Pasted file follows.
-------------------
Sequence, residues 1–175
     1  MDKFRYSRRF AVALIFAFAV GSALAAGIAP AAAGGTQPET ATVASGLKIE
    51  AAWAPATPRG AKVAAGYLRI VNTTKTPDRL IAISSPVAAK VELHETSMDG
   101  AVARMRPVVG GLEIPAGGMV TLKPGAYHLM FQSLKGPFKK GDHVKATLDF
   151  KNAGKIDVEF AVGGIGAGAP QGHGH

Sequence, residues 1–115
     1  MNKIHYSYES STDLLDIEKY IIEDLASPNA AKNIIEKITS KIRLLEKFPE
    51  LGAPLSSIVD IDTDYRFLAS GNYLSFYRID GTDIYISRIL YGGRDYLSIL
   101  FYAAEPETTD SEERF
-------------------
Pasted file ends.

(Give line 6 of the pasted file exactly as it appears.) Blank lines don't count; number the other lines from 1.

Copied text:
Sequence, residues 1–115